Sport was made for television. And television was made for sport. The world's first televised sporting event was the 1936 Berlin Olympics. Seventy-two hours of live Olympics coverage went to viewing booths called "Public Television Offices" in Berlin. The first broadcast showed Jesse Owens winning the 100m final. Since then television and sport have helped each other reach bigger and bigger audiences. Over a billion people watch the soccer World Cup Final. And television gives us highlights programmes so we can catch up, slow motion replays, freeze-frames, close-ups and most recently the new spidercam so we can appreciate the action in detail – all of this enhances sport’s offering to its audiences and increases our enjoyment of our favourite sports. Yet it’s not the perfect match. Three things serve as examples.
The good – cricket. You can actually see what’s going on. Every wicket taken, every shot scored, it all looks better in slow motion and close up. And if it’s a close call, well we all look forward to watching HotSpot (which uses infra-red cameras to find out if the batsman has nicked the ball) or the Snickometer (who would have thought a video representation of an oscilloscope tracking sound waves would be so much fun?). A gold medal for TV here.
The bad – Formula One. You can’t actually see what’s going on. At least not if you live in the UK, home of most of Formula 1’s teams and its one superstar driver, or at least not unless you pay a chunky monthly subscription fee. Unsurprisingly the UK teams are worried about their home audience shrinking, not least while new competitor Formula E is free to watch instead.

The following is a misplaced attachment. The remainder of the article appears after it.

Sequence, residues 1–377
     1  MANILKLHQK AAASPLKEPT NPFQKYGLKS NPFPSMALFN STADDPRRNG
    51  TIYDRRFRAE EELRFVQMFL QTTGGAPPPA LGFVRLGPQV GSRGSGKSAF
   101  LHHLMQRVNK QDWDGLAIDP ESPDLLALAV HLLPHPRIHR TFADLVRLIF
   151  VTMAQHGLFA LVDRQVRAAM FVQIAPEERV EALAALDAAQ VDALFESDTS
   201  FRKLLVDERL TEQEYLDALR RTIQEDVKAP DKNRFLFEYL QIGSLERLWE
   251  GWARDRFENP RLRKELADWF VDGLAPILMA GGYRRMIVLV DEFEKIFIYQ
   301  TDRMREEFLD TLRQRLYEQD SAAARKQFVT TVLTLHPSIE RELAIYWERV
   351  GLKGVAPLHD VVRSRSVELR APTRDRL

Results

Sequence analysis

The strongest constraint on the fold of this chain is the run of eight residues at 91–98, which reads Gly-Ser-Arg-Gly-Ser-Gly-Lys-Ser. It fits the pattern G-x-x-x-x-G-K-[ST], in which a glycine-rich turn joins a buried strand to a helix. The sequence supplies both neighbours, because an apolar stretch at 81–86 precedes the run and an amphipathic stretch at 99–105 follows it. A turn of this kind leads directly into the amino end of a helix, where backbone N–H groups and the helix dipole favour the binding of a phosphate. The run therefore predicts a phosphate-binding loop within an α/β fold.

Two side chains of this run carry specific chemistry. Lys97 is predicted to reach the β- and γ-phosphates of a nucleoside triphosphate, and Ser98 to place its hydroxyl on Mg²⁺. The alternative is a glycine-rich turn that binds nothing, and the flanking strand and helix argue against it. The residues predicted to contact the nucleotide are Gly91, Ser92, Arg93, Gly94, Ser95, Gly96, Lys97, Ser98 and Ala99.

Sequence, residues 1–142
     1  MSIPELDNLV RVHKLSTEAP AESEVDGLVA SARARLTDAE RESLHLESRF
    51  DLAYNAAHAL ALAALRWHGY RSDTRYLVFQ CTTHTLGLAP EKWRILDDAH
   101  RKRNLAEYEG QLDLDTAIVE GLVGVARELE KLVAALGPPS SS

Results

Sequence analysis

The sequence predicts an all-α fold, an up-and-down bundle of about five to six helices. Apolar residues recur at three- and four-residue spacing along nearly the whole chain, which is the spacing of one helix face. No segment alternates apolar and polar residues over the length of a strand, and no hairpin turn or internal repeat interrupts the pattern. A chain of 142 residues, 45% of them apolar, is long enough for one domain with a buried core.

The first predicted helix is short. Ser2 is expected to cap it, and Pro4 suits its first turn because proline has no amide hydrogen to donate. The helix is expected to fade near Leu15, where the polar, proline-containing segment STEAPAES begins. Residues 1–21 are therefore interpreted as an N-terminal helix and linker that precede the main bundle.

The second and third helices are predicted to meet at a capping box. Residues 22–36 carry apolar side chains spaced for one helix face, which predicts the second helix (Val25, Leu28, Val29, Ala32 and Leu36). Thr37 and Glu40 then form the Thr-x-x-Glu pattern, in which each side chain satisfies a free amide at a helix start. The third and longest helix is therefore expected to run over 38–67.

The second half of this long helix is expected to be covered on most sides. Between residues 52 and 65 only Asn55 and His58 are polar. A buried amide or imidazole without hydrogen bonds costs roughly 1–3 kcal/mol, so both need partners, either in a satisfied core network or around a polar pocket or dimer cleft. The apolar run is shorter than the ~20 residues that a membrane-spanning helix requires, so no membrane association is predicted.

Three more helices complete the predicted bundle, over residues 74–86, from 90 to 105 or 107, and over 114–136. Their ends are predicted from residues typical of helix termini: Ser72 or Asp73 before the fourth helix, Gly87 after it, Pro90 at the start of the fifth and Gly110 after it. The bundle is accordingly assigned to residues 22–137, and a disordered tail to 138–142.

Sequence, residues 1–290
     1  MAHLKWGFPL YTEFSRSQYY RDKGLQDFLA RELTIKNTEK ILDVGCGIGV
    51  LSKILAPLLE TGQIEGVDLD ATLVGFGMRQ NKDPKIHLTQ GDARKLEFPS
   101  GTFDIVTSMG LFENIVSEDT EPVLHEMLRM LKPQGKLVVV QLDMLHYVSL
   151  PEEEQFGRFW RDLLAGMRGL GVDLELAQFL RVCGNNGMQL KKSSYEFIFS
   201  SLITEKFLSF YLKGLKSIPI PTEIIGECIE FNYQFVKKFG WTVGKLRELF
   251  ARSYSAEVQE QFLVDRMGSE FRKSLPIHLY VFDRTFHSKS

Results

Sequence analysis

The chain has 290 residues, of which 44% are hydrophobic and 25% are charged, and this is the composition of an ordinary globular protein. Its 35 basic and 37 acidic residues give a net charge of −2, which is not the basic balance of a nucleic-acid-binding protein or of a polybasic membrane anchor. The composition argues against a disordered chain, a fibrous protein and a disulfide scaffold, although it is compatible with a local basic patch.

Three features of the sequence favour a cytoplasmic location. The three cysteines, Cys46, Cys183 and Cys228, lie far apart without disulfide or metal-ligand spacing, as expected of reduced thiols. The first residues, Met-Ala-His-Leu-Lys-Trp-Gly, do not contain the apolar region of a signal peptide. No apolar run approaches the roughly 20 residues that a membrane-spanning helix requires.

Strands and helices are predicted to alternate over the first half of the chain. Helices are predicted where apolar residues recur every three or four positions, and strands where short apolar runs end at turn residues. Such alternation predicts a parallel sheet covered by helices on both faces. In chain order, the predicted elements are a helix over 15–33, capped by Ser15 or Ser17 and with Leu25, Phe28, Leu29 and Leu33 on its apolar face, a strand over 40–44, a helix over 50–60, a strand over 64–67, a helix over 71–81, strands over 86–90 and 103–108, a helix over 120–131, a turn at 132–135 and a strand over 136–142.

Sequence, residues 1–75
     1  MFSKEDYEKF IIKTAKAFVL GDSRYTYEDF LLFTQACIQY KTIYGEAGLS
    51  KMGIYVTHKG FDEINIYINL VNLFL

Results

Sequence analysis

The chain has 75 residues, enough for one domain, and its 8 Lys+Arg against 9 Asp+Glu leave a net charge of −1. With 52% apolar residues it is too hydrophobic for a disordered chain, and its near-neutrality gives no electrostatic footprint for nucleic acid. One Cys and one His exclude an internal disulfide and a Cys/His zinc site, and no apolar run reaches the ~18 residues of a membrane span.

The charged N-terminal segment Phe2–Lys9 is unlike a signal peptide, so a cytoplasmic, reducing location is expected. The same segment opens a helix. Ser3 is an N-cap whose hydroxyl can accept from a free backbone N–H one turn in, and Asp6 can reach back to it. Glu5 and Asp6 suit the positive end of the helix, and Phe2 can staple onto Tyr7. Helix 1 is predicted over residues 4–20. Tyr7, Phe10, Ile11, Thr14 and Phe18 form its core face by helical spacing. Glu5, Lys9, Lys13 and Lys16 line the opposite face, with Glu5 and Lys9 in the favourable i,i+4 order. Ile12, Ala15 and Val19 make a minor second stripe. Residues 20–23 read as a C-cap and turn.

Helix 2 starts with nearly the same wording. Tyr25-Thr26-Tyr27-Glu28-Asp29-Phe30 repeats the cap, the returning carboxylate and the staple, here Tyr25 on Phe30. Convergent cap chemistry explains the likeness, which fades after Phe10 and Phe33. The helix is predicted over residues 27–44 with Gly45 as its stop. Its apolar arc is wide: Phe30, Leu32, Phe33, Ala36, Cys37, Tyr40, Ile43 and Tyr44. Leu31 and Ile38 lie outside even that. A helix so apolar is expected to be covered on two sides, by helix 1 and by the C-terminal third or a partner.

The ugly – soccer. You have to wait to see what’s going on. Or at least you do if anything controversial happens. VAR (Video Assistant Referee) is being introduced in most of the big competitions now. If there is a close call, the referee stops the game while footage is examined to see whether there has been a handball or an offside or some other infringement. So we all stop for a few minutes while a decision is taken, meaning the spectators have nothing to do, the players get a rest and can regroup and the whole flow of the game and the emotion of the crowd (possibly the most important thing of all to a soccer broadcaster) dissipates to nothing. Perhaps unsurprisingly, the inconsistent use of instant replays by officials in the NFL has been a controversial topic for a number of years. In a recent blog, we looked at the fall out that resulted from the “no-call” during the Saints-Rams NFC championship game which led to two Saints fans filing a lawsuit seeking to force the Commissioner of the NFL to replay the last few minutes of the game. Please click here for our recent blog on this incident and possible future rule implications for the NFL.